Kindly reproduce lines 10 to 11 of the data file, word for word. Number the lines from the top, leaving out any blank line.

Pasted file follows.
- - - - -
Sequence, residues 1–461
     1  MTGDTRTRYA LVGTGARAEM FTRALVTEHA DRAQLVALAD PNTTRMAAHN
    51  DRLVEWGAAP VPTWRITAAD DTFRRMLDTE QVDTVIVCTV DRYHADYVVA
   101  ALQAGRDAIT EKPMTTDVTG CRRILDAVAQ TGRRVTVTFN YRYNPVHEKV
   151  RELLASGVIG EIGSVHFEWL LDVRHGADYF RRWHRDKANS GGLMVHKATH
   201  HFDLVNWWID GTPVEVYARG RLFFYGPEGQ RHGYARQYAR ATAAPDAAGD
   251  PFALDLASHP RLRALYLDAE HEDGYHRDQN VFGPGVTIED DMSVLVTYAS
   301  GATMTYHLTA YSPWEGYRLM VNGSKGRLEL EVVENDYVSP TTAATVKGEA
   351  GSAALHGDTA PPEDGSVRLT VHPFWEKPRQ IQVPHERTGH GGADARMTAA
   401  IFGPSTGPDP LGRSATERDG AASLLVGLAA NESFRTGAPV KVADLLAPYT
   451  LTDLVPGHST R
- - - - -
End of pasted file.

   401  IFGPSTGPDP LGRSATERDG AASLLVGLAA NESFRTGAPV KVADLLAPYT
   451  LTDLVPGHST R